Discover Raleigh with your student
4415 Beryl Road
5 minute drive
Free; special programs may have fees
Collect a map and brochure for a self-guided tour at the Visitor Center and then lose yourself happily in the gardens and grounds of the JC Raulston Arboretum, located two miles west of the main NC State campus. The collections are particularly ravishing during spring — when the Magnolia trees bloom — and summer, when the Rose and Color Trial Gardens are at their peak. But this living laboratory captivates every season of the year. There is a Contemplation Garden, a Xeric Garden, even a Winter Garden. Special programs at the Arboretum include Photography Walks, Plantsmen’s Tours (seasonally themed and led by the curator), Yoga in the Gardens (summer), and guided tours on Sundays from March through October.
201 East Davie Street
8 minute drive
Free (donations appreciated and there is a charge for classes including Art Happy Hour)
This non-profit visual arts center exists to encourage community participation in the creative process. Check the website for a schedule of talks, events and demos held in conjunction with current exhibitions, or just drop in to see art being made and interact with the artists in residence. Artspace is open to the public Tuesday through Saturday and is part of Raleigh’s First Friday gallery and museum walk (retailers and restaurants also participate in First Friday, making it a great evening to spend downtown).
Oakwood Avenue and North Bloodworth Street
12 minute drive
Step back in time with a stroll through Historic Oakwood, Raleigh’s only intact 19th century neighborhood and its first local historic district (it is also on the National Register of Historic Places). Before you set out, download the free walking tour brochure on the website, with its charming sketches and descriptions of the houses and their historic occupants. The of homes on the treeshaded streets display a whimsical variety of architectural styles (neoclassical, Italianate,Second Empire, Queen Anne). Opportunities to see inside some of the homes and gardens occur one weekend each in December, when tickets are available for Candelight Tours, and April for Garden Tours with Tea.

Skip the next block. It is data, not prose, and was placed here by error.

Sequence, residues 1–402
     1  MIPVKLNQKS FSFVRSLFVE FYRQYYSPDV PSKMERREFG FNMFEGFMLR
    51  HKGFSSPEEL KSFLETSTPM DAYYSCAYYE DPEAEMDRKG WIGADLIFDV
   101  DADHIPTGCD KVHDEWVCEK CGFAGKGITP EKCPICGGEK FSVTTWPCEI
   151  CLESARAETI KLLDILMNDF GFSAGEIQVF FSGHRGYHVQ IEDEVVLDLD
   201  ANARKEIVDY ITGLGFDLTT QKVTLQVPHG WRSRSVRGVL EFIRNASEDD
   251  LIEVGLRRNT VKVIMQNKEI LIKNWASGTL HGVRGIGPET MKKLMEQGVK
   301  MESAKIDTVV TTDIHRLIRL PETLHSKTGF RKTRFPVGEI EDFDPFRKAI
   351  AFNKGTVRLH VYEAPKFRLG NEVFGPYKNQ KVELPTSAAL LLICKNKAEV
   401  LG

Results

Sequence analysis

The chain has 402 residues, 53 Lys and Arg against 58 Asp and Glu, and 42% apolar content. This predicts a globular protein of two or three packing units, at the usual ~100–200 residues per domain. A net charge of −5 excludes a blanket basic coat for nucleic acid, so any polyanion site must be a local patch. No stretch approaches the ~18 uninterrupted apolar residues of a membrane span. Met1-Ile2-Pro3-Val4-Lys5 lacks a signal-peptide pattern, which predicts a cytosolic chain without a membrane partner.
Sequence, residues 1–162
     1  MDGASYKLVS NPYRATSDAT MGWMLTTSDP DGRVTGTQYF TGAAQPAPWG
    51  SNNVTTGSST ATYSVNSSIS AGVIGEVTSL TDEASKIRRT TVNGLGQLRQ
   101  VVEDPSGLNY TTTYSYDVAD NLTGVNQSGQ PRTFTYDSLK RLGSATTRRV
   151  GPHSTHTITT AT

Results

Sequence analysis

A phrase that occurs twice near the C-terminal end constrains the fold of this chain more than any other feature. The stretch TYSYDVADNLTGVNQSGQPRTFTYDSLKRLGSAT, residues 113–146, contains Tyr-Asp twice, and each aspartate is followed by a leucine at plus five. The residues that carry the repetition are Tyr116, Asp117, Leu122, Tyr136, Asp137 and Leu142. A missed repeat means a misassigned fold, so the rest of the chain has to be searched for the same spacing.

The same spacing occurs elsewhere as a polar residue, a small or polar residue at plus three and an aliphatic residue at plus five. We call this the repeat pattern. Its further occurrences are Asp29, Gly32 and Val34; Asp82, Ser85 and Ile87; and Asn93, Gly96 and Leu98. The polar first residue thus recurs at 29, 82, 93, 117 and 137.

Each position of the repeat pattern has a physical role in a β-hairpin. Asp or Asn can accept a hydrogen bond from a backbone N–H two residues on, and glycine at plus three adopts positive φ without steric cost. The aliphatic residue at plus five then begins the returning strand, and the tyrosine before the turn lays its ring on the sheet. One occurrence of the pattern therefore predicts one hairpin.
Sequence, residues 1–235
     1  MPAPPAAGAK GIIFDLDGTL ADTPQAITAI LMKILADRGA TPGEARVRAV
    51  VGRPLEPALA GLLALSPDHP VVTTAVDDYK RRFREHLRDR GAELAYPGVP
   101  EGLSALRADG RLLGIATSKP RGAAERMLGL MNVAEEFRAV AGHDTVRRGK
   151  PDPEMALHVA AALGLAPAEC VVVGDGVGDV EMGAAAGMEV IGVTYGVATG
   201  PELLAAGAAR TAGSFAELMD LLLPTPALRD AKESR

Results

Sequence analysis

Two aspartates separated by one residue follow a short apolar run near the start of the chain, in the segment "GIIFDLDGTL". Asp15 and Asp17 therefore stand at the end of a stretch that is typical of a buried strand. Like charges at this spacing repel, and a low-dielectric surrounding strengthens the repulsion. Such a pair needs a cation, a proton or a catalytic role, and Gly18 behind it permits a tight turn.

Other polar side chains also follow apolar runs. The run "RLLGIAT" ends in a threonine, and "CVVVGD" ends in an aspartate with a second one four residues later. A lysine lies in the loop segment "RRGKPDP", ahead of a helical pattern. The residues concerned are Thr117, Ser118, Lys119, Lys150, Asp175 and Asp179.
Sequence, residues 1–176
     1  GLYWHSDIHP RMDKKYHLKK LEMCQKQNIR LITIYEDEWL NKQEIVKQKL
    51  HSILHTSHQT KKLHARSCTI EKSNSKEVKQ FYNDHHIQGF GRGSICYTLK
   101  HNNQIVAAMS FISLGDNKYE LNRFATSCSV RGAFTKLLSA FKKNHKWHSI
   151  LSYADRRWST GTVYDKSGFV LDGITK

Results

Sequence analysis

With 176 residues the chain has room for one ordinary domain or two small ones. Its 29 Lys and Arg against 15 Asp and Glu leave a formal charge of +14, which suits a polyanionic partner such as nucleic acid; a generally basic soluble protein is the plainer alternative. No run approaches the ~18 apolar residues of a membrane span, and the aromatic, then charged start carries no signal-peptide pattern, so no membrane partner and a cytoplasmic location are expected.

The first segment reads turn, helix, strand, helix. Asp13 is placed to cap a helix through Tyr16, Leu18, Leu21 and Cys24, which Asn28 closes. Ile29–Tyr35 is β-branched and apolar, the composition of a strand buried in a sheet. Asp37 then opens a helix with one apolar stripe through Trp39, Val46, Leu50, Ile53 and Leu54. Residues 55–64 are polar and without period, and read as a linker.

11 West Jones Street
10 minute drive
What began with the state geologist and commissioner of agriculture combining their personal collections in 1879 is now the largest museum of its kind in the Southeast. Even from the outside the museum will knock your socks off — its newest wing, the Nature Research Center, is dominated by a giant replica of the Earth (inside of which is a 3-story theatre, the Daily Planet). In addition to the expected dinosaurs and dioramas, you’ll enjoy the museum’s living collections: reptiles and amphibians, fresh and saltwater aquatic ecosystems teeming with fish and invertebrates, and an “Arthropod Zoo” (i.e., bugs). Walk through the “Living Conservatory” — a Central American tropical dry forest inhabited by living plants and animals where you might encounter a sloth… or a tarantula.
327 West Davie Street
9 minute drive
Free to look, smell and sample
Sometimes (all the time?), you just need chocolate. The Videri Chocolate Factory invites you to witness the creation of their gourmet handcrafted chocolates — as the chocolatiers describe it, the journey “From Bean to Bliss.” It all happens under one roof in a factory housed in the historic Raleigh Depot building. The public is welcome to come right down to the factory floor for a self-guided tour, after which you are sure to be in the mood to purchase a little something in the retail space which features vegan and organic chocolates, gift baskets, special seasonal offerings, and coffee and chocolate beverages which can then be carried out to Videri’s BYOB patio, a perfect hangout spot.
Discover Durham with your student
401 Chapel Drive, 420 Anderson Street
Spend a contemplative hour or two exploring these university gems. Built in 1930 of multi-hued volcanic stone, the neo-gothic Chapel is the location of Convocations and Commencements as well as weekly worship events for the many faith groups represented at Duke. Just a short walk or drive from the Chapel, enter the Gardens (open from 8 a.m. to dusk daily). As you stroll the paths (five miles worth, if you want to cover it all), highlights include a native plant display, carnivorous plant collection, and a koi pond with Victoria water lilies (the leaves grow up to seven feet across). There is a café, gift shop and visitor center as well. You may glimpse a bride — it hasn’t escaped the notice of commitment-minded alums that Chapel + Gardens = the perfect Blue Devil wedding venue (the Gardens make a great backdrop for a family photo, too).
905 West Main Street
5 minute drive